<browser:page for="*" name="my-form" class=".forms.MyForm" permission="zope2.View" />
A default template will be used to render the form. If you want to associate
a custom template, you should do so by setting the
template class variable
instead of using the
template attribute of the ZCML directive:
from Products.Five.browser.pagetemplatefile import ViewPageTemplateFile class MyForm(form.Form): fields = field.Fields(IMyformSchema) template = ViewPageTemplateFile('mytemplate.pt') @button.buttonAndHandler(u'Submit') def handleApply(self, action): data, errors = self.extractData() # do something
See below for more details about standard form macros.
Note that to render any of the standard widgets, you will also need to make
sure the request is marked with
z3c.form.interfaces.IFormLayer, as is
the norm with z3c.form. If you install plone.app.z3cform in Plone, that
is already done for you, but in other scenarios, you will need to do this
in whichever way Zope browser layers are normally applied.
In versions of Zope prior to 2.12, z3c.form instances cannot be registered as views directly, because they do not support Zope 2 security (via the acquisition mechanism). Whilst it may be possible to support this via custom mix-ins, the preferred approach is to use a wrapper view, which separates the rendering of the form from the page layout.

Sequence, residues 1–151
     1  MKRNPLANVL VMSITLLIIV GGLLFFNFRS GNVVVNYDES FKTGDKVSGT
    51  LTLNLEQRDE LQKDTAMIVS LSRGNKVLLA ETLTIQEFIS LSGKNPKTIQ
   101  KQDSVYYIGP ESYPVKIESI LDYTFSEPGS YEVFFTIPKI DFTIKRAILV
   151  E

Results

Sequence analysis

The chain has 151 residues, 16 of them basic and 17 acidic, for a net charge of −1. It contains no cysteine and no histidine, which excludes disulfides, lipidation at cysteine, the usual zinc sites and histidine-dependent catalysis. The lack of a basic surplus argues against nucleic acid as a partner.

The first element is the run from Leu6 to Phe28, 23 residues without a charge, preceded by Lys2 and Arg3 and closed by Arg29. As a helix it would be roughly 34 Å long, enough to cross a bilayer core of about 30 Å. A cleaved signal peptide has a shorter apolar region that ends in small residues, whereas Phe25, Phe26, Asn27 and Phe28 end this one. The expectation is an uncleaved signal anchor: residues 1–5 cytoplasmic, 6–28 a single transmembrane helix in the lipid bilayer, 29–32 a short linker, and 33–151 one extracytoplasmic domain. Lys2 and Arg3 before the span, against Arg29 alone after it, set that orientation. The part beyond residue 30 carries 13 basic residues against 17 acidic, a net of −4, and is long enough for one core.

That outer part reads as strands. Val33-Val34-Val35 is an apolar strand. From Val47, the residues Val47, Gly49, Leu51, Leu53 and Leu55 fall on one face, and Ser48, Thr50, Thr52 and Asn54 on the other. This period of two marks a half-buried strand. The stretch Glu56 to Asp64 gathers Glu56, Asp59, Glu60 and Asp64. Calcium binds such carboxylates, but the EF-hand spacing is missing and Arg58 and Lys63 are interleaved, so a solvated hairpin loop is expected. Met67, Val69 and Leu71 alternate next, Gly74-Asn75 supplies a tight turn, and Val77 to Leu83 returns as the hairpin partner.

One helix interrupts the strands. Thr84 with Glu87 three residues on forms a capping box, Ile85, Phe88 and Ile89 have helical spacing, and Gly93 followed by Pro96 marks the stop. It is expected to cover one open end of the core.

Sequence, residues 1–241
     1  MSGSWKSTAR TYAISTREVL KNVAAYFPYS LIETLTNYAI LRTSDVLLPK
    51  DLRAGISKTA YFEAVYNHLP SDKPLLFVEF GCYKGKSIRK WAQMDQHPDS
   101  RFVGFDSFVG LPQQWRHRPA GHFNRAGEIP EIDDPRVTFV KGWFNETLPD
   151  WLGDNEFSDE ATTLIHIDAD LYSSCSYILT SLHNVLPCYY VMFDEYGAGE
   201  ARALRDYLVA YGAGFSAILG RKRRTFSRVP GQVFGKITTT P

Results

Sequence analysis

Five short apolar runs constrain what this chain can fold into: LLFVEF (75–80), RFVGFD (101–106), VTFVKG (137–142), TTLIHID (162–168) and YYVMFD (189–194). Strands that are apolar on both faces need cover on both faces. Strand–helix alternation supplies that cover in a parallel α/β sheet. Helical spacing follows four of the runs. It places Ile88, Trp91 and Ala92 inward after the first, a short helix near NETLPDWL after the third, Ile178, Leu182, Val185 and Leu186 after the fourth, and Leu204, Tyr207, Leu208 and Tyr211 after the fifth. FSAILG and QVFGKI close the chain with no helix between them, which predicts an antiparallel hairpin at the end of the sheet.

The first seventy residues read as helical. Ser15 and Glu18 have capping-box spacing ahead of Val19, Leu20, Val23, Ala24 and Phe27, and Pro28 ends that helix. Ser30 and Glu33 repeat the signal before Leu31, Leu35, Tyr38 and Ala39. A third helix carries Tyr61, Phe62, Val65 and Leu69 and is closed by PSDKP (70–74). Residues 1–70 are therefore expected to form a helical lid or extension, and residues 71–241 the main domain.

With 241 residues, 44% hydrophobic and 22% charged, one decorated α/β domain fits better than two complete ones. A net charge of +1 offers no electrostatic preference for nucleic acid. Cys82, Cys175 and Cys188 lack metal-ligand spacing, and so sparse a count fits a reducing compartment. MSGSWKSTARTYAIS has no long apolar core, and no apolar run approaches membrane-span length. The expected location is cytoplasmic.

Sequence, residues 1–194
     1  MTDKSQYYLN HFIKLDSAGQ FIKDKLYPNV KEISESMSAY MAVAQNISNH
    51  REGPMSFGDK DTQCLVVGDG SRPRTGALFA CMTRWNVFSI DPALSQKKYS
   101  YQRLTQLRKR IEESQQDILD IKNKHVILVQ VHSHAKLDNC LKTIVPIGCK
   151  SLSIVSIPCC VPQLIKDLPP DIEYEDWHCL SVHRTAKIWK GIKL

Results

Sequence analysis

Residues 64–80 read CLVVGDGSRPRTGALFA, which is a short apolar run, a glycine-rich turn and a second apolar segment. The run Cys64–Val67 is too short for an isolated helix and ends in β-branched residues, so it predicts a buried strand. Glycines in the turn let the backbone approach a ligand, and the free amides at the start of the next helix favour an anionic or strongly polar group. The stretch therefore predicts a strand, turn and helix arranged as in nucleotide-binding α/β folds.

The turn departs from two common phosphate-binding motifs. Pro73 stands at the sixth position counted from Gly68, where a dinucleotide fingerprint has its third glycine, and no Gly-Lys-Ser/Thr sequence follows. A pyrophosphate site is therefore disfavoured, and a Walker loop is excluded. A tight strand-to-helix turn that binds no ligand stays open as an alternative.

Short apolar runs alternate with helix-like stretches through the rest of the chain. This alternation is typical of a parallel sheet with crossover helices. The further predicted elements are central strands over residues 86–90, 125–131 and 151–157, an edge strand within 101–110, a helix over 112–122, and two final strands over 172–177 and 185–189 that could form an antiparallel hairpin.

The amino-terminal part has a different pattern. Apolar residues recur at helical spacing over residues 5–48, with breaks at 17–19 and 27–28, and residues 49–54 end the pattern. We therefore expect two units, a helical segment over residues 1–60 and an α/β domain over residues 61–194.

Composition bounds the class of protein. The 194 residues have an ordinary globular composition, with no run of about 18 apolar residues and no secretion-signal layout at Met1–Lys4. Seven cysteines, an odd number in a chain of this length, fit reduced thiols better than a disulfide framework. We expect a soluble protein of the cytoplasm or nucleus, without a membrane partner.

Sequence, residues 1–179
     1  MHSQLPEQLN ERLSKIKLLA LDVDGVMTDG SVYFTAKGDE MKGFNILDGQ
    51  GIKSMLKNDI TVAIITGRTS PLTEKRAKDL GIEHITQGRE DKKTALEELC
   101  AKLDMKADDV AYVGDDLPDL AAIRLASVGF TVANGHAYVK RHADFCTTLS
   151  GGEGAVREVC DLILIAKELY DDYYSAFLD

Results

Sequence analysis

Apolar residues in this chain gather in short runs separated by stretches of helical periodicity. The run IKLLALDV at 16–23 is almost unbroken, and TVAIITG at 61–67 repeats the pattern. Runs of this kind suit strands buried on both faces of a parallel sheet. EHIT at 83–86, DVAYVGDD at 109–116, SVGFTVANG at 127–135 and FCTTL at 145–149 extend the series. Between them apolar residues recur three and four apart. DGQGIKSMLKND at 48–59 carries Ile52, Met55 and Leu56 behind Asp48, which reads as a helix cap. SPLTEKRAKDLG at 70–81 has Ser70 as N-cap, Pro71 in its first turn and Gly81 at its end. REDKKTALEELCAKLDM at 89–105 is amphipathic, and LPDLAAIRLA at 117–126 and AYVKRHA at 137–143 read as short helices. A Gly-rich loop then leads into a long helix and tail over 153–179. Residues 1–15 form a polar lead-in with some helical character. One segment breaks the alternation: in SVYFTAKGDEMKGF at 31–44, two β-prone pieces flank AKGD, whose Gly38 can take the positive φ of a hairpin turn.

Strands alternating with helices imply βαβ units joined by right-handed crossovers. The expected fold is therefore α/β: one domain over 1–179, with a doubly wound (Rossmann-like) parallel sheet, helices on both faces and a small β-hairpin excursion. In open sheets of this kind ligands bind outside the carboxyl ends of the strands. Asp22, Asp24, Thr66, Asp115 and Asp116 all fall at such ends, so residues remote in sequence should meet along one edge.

There are a few other reasons why you may want to use the wrapper view, even in later versions of Zope:
- To support both an earlier version of Zope and Zope 2.12+
- To re-use the same form in multiple views or viewlets
- To use the
IPageTemplateadapter lookup semantics from z3c.form to provide a different default or override template for the overall page layout, while retaining (or indeed customising independently) the default layout of the form.
When using the wrapper view, you do not need to ensure your requests are
IFormLayer, as it is applied automatically during the
rendering of the wrapper view.
The easiest way to create a wrapper view is to call the
from zope.interface import Interface from zope import schema from z3c.form import form, button from plone.z3cform import layout class IMyFormSchema(Interface): field1 = schema.TextLine(title=u"A field") field2 = schema.Int(title=u"Another field") class MyForm(form.Form): fields = field.Fields(IMyformSchema) @button.buttonAndHandler(u'Submit') def handleApply(self, action): data, errors = self.extractData() # do something MyFormView = layout.wrap_form(MyForm)